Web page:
You could start setting an example by writing in English instead of Amglish.
# John Cowan on 11 Jul 2008 11:40 AM:
You should have called it LATIN SMALL LETTER ZED.
# Michael S. Kaplan on 11 Jul 2008 12:09 PM:
Hello English Bloke,
I speak English and I live in America. It would not only be dishonest of me to try to write any other way, it would also be inadequate, since I lack the full knowledge to do the job convincingly that only someone who lives and speaks it can hope to do.
If you think having an advocate such as myself to have the issue resolved is PART OF THE PROBLEM, then I would respect fully suggest that you do not understand the real problem, which is getting executives to recognize the importance of the scenario.
# Michael S. Kaplan on 11 Jul 2008 12:10 PM:
I was actually tempted to do something along those lines but I have been trying to keep the Unicode names from the UCD. :-)
# PinkDuck on 8 Jun 2009 12:02 PM:
The way I see the problem is that Microsoft is unwilling to outsource translation to people who are willing to do it (and maintain it) for free.
The percentage difference between US and UK English in the Windows desktop shell is pretty small, but the occasional 'canceled' here, 'dialed' there, 'color' or 'gray' add up to a significant irritant (even offence) to a British user, especially when other mutually intelligible language variations have been handled.
# Eric TF Bat on 8 Jun 2009 8:42 PM:
I think the trick is to produce a localised version called English (Expletive), code name en-#*$!. It would replace the standard File menu with Sh*t (as in "this is where I put all my sh*t"), Edit with F*ck (as in "this is how I f*ck with all my sh*t"), Help with What The F*ck, and so on. Unfortunately, the words Sh*t and F*ck are so versatile (adjective, noun, verb, ad infinitum) that most of the menus and options would consist of those two words in various permutations, and the result would be unintelligible. But very localised! (Sorry, localized.)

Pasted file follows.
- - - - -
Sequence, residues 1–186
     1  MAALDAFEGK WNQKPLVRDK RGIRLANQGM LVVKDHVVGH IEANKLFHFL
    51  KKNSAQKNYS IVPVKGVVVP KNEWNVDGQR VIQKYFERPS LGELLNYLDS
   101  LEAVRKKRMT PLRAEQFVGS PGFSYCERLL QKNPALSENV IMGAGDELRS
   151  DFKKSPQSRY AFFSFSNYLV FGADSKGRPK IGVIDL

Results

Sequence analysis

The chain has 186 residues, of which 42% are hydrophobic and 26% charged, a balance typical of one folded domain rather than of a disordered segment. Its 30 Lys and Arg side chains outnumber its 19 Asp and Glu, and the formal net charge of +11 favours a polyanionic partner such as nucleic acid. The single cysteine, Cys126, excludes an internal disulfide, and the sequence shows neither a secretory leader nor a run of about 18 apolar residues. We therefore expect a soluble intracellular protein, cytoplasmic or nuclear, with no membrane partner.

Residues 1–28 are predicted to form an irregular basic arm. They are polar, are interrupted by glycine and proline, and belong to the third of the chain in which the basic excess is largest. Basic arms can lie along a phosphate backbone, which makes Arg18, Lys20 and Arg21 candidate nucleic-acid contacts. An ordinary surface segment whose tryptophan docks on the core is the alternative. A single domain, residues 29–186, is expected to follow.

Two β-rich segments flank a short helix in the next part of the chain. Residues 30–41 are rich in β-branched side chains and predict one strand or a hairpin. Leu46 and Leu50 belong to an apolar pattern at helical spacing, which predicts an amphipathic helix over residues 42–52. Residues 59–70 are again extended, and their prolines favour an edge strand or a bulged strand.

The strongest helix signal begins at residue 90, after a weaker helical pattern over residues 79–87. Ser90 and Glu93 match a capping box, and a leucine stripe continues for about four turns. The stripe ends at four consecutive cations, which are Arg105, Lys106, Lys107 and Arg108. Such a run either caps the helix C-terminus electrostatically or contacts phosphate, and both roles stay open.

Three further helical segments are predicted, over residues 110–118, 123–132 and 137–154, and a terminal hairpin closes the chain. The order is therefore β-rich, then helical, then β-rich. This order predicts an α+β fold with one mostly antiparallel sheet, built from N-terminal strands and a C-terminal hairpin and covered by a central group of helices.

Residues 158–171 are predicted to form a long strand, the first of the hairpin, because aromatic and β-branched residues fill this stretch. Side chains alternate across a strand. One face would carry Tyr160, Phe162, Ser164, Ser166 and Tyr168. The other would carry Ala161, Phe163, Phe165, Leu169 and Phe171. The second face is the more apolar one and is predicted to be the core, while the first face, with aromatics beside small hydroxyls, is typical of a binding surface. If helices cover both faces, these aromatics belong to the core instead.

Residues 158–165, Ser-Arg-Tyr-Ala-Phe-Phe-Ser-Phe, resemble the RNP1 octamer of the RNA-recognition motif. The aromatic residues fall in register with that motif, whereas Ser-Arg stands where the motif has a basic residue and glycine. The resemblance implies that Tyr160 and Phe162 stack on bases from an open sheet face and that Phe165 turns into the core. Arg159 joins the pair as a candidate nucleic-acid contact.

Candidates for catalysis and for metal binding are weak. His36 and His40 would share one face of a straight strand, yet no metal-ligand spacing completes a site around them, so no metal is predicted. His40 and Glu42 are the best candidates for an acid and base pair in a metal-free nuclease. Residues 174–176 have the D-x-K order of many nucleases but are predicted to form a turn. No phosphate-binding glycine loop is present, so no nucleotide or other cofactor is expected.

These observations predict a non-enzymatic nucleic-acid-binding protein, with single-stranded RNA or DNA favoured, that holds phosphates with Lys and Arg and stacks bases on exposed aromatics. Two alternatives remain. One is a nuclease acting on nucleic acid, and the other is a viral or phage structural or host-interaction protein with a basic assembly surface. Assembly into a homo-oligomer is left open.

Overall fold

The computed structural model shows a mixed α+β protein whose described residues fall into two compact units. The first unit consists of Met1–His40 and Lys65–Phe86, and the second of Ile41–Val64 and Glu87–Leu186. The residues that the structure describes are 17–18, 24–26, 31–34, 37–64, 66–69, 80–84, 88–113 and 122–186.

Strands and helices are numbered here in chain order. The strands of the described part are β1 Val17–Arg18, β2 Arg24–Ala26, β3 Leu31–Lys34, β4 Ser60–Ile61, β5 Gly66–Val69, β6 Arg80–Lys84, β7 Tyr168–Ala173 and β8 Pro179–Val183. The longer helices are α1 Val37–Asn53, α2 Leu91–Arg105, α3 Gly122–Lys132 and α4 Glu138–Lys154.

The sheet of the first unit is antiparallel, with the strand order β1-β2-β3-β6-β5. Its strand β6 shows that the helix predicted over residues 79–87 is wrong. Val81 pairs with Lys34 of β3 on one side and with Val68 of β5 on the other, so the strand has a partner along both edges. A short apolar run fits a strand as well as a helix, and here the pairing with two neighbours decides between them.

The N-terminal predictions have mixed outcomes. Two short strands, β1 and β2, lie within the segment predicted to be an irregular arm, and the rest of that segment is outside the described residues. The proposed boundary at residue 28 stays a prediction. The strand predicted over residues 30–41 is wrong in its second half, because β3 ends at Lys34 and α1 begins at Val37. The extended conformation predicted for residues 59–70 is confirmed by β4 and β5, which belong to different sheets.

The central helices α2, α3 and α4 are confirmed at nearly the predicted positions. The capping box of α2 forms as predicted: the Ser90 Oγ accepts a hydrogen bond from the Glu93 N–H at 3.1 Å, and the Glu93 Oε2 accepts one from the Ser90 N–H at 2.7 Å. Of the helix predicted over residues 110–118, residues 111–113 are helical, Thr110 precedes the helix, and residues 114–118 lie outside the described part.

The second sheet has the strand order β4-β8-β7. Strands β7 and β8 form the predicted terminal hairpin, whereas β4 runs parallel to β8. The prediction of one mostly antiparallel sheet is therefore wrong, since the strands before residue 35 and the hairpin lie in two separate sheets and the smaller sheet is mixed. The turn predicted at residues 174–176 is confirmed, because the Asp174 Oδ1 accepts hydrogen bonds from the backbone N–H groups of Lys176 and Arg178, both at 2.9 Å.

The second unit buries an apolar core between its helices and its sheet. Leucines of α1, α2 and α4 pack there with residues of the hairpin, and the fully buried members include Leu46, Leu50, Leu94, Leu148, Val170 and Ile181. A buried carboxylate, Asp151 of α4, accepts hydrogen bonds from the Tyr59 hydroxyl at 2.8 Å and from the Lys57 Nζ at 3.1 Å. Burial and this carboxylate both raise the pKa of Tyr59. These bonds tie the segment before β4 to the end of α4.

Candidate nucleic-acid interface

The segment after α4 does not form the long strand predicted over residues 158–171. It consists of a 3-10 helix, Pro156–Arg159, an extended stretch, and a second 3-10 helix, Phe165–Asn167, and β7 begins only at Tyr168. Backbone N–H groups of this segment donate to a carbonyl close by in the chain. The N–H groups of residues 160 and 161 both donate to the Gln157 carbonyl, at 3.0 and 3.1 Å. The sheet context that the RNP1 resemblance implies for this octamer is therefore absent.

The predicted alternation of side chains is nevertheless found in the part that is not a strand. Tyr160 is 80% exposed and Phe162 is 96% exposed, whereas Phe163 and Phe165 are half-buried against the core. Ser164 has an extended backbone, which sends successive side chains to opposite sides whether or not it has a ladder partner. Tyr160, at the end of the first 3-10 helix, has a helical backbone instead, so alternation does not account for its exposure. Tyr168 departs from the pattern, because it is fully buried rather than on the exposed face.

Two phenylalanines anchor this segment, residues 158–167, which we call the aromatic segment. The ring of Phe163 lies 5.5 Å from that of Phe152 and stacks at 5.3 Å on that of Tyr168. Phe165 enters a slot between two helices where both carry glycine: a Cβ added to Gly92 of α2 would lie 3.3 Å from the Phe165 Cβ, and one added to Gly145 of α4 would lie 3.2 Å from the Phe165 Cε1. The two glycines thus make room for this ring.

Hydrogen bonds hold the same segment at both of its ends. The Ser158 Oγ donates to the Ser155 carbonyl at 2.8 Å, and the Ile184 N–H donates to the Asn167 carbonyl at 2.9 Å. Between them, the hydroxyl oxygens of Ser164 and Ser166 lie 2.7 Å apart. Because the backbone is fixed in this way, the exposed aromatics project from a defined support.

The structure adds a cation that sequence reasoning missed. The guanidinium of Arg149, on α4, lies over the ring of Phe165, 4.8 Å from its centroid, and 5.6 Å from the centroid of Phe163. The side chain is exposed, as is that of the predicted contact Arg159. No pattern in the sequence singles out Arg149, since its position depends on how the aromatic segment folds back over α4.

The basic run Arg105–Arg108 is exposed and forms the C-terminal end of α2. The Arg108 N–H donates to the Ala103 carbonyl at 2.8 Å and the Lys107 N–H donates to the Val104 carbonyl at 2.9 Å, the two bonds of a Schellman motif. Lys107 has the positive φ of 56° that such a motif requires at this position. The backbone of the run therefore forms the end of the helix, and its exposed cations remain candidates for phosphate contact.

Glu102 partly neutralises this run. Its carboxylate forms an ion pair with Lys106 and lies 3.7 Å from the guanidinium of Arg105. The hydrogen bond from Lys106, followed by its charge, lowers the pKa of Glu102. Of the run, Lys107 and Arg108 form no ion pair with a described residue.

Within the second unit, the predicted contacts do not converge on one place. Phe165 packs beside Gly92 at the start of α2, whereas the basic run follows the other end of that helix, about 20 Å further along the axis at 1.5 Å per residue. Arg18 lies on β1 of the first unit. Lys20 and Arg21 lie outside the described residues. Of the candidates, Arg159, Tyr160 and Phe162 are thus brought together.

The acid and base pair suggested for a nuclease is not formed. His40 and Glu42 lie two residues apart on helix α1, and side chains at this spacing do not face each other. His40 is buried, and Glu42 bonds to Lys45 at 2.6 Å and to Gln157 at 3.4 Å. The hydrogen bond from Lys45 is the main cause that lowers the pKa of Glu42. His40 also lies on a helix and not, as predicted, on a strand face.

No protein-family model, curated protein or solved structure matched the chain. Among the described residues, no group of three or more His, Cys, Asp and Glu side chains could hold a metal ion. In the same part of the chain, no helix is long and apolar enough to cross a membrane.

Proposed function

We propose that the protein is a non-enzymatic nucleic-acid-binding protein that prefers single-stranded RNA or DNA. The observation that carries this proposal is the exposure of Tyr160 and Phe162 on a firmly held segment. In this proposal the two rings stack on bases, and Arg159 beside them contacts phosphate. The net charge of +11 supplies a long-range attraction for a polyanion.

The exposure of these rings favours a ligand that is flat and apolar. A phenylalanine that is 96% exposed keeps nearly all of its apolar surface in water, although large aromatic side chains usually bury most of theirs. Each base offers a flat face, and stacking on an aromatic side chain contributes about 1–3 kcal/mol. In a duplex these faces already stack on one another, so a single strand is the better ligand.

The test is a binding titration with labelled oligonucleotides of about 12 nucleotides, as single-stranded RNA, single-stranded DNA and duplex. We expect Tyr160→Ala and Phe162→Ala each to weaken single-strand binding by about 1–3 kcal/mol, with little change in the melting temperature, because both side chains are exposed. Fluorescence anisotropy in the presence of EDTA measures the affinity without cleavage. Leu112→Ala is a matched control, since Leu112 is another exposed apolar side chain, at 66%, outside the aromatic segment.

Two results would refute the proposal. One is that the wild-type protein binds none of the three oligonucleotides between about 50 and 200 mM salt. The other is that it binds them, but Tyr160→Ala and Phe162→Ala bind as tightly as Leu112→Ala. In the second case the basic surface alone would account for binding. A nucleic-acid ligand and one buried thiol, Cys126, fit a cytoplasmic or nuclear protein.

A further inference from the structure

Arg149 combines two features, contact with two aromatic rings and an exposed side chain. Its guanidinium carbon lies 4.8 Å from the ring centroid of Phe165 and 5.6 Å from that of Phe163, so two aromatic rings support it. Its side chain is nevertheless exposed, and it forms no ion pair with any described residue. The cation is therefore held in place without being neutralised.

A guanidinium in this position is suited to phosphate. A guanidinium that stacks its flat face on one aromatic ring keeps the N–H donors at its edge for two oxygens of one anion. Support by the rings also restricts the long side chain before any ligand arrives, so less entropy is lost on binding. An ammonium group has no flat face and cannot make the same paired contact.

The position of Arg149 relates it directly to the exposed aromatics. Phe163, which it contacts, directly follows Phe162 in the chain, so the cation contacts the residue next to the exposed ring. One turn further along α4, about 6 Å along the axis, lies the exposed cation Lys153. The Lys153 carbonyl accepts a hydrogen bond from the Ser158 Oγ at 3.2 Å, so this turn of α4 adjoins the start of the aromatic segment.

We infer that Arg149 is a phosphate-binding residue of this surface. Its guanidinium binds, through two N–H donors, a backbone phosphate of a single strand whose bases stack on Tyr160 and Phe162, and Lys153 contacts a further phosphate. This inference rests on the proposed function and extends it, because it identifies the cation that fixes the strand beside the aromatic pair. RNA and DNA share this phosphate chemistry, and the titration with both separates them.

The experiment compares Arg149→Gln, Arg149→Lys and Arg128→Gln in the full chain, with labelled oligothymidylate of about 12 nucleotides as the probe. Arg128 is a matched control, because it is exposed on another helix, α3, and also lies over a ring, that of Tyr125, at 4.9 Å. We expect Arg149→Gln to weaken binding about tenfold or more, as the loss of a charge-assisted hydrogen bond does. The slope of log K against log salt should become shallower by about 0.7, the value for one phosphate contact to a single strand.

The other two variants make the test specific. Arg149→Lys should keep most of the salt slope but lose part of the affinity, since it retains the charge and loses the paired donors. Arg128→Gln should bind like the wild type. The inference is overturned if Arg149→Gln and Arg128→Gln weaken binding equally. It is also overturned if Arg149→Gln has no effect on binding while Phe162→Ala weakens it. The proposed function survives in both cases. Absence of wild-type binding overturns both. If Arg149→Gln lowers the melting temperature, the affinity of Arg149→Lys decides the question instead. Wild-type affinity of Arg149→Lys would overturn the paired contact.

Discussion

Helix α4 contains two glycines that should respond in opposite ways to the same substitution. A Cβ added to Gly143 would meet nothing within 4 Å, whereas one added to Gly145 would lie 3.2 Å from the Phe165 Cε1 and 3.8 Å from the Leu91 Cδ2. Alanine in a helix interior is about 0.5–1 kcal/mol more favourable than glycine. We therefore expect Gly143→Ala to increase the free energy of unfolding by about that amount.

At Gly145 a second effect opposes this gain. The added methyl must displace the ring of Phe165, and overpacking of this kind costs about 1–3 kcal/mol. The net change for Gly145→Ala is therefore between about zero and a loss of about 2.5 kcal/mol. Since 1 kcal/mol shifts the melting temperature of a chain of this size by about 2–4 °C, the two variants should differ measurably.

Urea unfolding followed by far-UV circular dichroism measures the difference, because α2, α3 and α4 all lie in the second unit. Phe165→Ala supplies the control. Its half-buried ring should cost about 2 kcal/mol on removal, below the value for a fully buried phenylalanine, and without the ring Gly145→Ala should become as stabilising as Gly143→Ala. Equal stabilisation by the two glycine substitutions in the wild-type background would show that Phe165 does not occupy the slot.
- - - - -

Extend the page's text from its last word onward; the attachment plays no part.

# Ian Thomas on 9 Jun 2009 8:48 AM:
RE: English Bloke
I disagree. English is a term that can be used to cover all varients of English. If you specially mean the version of English spoken in the UK then you need to specify that somehow, and
In the case where Michael has said "Non-US English" he means varients of English including British English (such as his example of Manchester) but specifically excluding American English. Your alternative phrase just seems to be an expansion of Michael's phrase:
non = other dialects of
English = English
US = other than Amglish
In the case where he says "UK English" he is just being explict about what he means.
Another English Bloke
# Ian Thomas on 9 Jun 2009 8:52 AM:
The example of this that always annoys me is the Windows install process (certainly 95 - XP, I'm not sure if Vista is better).
I have to change my keyboard, language AND timezone from their US defaults. Why can't it just ask me where I am located, with no default, and then default the others based on that?
This is particularly annoying when you have a lazy IT department who don't bother to change any of these settings during the install, which means that you are then forced to use a computer with American settings (and normally unable to fix them due to security policies).
# Michael on 9 Jun 2009 9:53 AM: